clock menu more-arrow no yes

Filed under:

Being able to ‘de-throttle’ is helping Willson Contreras become the best version of himself

“I believe him and [the Phillies’] J.T. [Realmuto] are the two best catchers in baseball,” right-hander Jake Arrieta said.

John Antonoff/Chicago Sun-Times

GOODYEAR, Ariz. — There’s a short list when it comes to the best catchers in baseball, and Willson Contreras has been inching closer to the top of it.

The conversation usually starts and ends with Phillies catcher J.T. Realmuto. But because of his offensive production and defensive improvements, Contreras is considered by some to be No. 2.

What lies ahead for Contreras in 2021 is not only an opportunity to bounce back after a difficult 2020 season, but a chance to continue his pursuit of being the best catcher in the game.

‘‘I think I have the right preparation,’’ Contreras said. ‘‘That doesn’t mean that I’m gonna have success on the field, but I think I have the right mindset. I think my confidence is at a nice level. I just trust myself. I think whenever you believe in yourself, no matter what preparation you have, you’re gonna have a good chance of good results.’’

Contreras’ growth since coming to the majors in 2016 was a process. Talent never has been his problem, but controlling his emotions was an issue early in his career.

Finding that balance is a challenge for any young player, and it was no different for Contreras. As a catcher, however, keeping control of his emotions not only was important for him but for the pitchers on the staff, who rely on him to be a calming influence, especially when things go awry.

‘‘This is going to be my fifth [full] year,’’ he said. ‘‘I feel like I’ve grown, and I have a lot of respect. I’m just trying to be the guy that tries to lead the team, tries to guide the team on the right path.’’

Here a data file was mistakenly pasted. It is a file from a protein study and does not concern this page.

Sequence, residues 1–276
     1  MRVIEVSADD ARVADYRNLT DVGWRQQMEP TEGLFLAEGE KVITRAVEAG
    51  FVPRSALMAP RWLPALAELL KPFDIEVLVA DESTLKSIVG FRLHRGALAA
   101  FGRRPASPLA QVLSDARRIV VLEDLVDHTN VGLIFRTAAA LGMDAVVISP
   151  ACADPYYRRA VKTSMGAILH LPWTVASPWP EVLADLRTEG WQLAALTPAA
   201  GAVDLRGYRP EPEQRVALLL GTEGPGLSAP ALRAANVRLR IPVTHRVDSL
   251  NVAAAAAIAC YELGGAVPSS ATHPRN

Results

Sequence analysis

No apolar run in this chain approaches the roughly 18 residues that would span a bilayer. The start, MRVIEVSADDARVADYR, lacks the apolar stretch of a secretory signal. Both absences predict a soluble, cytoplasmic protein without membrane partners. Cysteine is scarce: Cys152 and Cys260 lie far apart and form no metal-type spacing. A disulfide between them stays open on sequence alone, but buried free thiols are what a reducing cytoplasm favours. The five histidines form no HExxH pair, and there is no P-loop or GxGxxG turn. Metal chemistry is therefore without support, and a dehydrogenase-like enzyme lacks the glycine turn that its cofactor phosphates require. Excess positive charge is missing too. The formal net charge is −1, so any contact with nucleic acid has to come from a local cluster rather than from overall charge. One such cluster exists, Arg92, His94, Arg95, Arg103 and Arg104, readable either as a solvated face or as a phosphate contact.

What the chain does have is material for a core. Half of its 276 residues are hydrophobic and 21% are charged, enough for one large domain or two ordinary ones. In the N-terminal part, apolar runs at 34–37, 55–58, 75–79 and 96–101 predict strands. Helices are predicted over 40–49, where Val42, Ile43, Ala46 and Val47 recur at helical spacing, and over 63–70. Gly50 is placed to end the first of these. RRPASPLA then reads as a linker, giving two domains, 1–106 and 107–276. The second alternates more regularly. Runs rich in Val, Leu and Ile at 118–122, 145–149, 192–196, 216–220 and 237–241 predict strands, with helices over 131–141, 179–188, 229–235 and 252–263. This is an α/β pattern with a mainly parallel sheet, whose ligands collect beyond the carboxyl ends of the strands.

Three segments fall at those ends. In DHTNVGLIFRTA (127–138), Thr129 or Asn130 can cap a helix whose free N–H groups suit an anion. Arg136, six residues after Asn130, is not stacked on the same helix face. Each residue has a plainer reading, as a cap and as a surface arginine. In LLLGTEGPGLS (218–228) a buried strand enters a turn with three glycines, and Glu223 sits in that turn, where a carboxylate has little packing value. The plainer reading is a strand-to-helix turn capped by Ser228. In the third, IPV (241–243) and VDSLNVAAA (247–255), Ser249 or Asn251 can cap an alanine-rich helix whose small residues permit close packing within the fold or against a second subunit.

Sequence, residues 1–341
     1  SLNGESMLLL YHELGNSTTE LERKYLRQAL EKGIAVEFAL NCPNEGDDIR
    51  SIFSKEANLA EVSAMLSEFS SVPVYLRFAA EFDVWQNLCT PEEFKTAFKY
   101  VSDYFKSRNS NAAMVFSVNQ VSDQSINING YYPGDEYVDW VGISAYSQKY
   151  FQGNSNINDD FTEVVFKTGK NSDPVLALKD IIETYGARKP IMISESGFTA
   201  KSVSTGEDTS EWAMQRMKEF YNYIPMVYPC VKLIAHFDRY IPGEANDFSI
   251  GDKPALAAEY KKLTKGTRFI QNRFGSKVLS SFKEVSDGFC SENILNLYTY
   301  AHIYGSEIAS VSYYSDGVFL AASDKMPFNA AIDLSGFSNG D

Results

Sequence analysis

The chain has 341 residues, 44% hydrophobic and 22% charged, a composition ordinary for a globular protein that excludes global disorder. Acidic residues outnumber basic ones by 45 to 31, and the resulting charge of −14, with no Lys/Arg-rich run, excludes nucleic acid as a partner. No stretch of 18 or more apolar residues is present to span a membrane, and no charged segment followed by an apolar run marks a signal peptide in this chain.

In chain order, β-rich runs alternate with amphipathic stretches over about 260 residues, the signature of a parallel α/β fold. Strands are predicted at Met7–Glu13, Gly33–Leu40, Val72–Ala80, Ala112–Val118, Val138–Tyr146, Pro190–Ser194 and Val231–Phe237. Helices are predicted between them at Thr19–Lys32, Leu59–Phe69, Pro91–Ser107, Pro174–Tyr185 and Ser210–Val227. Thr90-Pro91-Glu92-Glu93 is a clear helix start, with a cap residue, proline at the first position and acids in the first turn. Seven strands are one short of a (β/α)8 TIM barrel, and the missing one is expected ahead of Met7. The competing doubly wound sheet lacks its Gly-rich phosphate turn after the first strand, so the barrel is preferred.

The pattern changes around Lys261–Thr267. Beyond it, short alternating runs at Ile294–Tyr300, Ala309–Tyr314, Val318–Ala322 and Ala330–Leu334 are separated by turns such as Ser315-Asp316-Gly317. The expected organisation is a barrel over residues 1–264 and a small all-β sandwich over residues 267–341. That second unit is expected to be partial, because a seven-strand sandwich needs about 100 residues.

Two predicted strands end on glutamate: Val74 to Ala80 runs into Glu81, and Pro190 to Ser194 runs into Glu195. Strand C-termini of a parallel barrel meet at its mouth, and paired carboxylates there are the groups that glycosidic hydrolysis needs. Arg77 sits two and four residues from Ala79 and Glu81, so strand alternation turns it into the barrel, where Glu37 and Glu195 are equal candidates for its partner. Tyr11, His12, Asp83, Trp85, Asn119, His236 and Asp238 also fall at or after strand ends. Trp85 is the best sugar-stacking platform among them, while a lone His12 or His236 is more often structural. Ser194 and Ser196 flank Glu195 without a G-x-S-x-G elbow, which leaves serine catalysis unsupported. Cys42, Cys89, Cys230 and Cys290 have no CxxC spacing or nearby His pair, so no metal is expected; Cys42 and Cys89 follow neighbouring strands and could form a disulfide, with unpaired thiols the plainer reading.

Manager David Ross knows Contreras as well as anybody as a former catcher and teammate. As his manager, he has had conversations with him about being able to dial things back for his health and self-preservation.

‘‘We’ve talked about effort and things that are non-negotiable for me,’’ Ross said. ‘‘But there’s also times where we can de-throttle a little bit in some areas to protect ourselves [in the] long term. I’ve talked to him multiple times about that and taking care of his body and conserving energy, when possible.’’

The change was hard for the high-energy Contreras to make.

‘‘At first, yes,’’ Contreras said. ‘‘I’m a really intense guy, and I like to play 100%. That doesn’t mean when I slow down that I’m not playing 100%. It’s just a matter of being smarter, moving smarter. Which play do I need to hustle? Which plays can I jog? When do I need to block? When can I use my secondary positioning?’’

That self-preservation is crucial when it comes to making sure Contreras is productive offensively, too. He is an important part of what the Cubs think will be a deep lineup and is 8-for-23 with two home runs, four RBI and four walks in nine games this spring.

‘‘I believe him and [Realmuto] are the two best catchers in baseball,’’ said right-hander Jake Arrieta, who rejoined the Cubs this season after spending the last three seasons with the Phillies, two of them with Realmuto. ‘‘And that’s extremely high praise, and it’s well-deserved. He’s taken many strides, and I just love watching him go about his business.

‘‘Not being in the clubhouse with [Contreras] for three years . . . it seems like, to me, it happened overnight. This morning, after playing a night game [Wednesday], coming in and working out as hard as he did, those are not easy things to do, especially as a starting catcher, when the workload is so heavy. But I think the main thing I’ve noticed is how focused he is and how determined and dedicated he is to this baseball team.’’